Planting Miyawaki forests
The project also involved planting diverse saplings along the river’s banks using the Miyawaki method (two to four saplings per square metre) to bolster biodiversity. As many as 10,000 bamboo trees — known for increasing afforestation and playing a role in combating climate change — have been planted along the Kham. “This type of plantation has helped us plant all varieties at closer distances. As the Miyawaki forest sustains itself, it will need fewer efforts in the future,” Bhombe said.
Aditya Tiwari, an ecologist working in Aurangabad, underscored the Miyawaki method’s relevance. “The Japanese method of tree plantation has become the centre of attention in the Cantonment Board area. We are focusing on the ecological transformation of the river via urban plantation.” Seedlings are planted at very high densities in a packed space. “Mostly straight varieties of trees can be grown in a smaller area. We have focused on planting bamboo, nilgiri or eucalyptus and banana trees instead of neem and banyan that utilise a large area,” Tiwari added.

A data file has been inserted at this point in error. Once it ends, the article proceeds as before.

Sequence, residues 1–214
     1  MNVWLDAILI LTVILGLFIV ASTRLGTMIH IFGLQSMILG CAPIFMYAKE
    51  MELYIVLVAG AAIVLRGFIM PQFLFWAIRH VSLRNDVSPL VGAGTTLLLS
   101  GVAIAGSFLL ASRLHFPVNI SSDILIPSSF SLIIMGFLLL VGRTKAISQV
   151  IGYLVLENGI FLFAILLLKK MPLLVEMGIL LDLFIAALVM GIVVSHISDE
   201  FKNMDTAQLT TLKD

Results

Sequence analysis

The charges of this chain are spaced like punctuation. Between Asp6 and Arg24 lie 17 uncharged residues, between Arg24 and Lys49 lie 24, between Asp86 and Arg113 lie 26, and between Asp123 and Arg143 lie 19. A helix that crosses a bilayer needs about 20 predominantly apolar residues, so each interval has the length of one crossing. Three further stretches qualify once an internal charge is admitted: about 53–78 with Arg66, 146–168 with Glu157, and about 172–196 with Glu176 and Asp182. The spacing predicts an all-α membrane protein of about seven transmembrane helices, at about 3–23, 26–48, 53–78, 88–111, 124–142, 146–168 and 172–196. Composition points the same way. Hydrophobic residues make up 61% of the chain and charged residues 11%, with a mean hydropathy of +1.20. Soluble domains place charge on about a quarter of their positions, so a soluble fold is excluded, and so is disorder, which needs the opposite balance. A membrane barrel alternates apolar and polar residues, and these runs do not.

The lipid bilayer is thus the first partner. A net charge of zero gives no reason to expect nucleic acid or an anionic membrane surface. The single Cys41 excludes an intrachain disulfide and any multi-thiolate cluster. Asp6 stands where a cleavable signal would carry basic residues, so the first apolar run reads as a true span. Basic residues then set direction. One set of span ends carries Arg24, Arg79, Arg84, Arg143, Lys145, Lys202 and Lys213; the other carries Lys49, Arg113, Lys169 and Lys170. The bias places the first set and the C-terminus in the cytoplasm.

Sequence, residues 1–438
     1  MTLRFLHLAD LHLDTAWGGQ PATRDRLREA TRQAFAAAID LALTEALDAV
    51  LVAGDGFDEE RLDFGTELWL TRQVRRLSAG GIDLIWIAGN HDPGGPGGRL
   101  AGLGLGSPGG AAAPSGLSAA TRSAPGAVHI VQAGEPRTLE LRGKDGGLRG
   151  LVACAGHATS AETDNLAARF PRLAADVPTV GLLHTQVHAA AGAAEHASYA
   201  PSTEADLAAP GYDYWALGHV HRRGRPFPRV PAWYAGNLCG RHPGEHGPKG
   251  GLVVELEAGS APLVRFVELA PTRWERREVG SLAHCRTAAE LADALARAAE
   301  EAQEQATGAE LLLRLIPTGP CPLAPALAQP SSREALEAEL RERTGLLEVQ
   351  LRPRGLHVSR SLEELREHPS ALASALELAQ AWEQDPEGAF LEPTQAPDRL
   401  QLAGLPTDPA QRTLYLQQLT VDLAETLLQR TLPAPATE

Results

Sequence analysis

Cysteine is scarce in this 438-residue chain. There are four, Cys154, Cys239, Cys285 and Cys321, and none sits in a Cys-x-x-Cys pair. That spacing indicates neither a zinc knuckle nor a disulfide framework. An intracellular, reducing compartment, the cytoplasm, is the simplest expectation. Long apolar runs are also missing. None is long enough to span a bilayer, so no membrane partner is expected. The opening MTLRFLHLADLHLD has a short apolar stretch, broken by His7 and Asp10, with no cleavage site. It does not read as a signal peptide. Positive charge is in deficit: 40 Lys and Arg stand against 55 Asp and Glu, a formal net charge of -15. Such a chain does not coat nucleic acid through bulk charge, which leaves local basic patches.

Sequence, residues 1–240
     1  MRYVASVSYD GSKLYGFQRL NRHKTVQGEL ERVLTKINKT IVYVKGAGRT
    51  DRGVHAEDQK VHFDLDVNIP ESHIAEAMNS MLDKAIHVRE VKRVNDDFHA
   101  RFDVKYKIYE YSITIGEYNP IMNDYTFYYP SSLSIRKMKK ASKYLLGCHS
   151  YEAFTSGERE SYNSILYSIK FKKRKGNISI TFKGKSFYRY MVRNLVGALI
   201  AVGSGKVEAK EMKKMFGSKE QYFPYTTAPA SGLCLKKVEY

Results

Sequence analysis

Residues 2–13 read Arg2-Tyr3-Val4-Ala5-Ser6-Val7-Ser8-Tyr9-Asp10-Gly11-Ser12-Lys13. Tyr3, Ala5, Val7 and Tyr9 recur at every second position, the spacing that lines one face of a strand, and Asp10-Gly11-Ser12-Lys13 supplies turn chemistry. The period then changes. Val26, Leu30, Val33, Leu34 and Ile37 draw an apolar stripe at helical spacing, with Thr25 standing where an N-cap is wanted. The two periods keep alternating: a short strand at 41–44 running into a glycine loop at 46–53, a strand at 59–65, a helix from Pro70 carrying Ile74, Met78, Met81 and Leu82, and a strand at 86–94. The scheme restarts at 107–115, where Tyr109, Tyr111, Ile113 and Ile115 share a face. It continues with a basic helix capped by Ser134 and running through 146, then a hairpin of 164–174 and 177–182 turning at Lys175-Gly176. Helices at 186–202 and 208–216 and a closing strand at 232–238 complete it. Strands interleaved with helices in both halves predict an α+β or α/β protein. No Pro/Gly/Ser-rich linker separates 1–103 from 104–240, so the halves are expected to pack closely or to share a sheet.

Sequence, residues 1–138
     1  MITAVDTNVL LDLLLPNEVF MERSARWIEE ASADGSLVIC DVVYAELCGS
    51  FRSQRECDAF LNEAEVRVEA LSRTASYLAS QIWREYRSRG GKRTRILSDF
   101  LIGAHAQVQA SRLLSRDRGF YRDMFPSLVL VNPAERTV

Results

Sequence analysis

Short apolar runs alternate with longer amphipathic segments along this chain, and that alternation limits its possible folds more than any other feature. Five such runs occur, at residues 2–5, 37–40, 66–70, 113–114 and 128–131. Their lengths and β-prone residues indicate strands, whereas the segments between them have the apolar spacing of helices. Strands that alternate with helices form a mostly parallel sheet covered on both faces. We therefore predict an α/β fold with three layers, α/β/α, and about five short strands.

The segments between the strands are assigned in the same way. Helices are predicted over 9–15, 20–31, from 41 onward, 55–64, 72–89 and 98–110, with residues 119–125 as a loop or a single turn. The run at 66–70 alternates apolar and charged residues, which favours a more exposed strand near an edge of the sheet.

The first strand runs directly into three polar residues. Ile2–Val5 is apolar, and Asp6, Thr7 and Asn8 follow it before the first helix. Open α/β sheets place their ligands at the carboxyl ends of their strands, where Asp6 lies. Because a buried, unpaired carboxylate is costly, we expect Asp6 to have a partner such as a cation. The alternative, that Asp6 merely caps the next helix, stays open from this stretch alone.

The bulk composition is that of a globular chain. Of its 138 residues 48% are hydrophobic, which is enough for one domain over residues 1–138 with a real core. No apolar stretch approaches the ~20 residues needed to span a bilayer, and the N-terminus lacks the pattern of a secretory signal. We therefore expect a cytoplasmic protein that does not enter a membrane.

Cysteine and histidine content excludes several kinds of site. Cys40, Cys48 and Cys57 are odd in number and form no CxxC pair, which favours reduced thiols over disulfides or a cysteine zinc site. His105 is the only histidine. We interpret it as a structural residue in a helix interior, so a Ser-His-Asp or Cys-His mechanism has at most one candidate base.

During the clean-up, the team came across a rich ecosystem of snakes, freshwater turtles, crabs, fish, butterflies as well as 85 species of indigenous plants, including medicinal herbs used by Mughal hakims.
Looking ahead into the past
In addition to encountering plenty of animal species and indigenous flora, the clean-up team stumbled upon those hidden underground nahars built by Malik Amber.